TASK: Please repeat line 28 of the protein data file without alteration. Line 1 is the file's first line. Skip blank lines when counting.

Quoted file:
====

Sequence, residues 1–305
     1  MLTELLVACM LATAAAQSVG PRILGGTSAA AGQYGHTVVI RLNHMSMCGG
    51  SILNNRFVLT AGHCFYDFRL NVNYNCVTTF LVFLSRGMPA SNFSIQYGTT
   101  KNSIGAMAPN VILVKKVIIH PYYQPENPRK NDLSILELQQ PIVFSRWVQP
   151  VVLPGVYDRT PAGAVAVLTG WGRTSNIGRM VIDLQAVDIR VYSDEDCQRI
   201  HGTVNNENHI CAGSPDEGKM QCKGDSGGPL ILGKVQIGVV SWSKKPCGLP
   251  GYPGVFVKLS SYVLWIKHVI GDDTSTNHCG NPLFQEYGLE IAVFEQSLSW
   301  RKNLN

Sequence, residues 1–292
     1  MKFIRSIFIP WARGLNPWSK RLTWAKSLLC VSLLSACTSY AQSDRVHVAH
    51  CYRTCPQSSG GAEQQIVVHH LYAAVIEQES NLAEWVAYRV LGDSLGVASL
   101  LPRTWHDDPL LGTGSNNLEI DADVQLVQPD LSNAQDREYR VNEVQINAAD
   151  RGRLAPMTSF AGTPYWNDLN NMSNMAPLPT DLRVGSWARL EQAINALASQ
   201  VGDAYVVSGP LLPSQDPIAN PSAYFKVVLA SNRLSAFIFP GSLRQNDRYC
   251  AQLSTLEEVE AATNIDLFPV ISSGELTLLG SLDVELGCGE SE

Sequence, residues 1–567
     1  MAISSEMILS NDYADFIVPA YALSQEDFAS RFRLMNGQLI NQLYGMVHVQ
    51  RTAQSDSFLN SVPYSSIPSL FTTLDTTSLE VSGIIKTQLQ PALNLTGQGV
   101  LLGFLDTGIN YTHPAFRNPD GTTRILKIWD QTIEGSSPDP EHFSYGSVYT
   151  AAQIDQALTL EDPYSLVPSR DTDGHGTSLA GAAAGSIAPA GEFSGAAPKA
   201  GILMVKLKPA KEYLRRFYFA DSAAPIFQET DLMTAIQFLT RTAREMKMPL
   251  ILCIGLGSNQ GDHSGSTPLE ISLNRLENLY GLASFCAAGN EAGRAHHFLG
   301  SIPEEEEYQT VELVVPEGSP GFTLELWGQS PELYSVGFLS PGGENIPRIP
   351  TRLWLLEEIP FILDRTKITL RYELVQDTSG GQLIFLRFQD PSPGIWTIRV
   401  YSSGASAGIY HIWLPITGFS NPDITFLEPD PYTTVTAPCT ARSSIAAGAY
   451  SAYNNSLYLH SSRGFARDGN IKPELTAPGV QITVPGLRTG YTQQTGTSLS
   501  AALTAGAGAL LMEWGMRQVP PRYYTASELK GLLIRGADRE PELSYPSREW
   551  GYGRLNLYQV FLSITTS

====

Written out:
   551  GYGRLNLYQV FLSITTS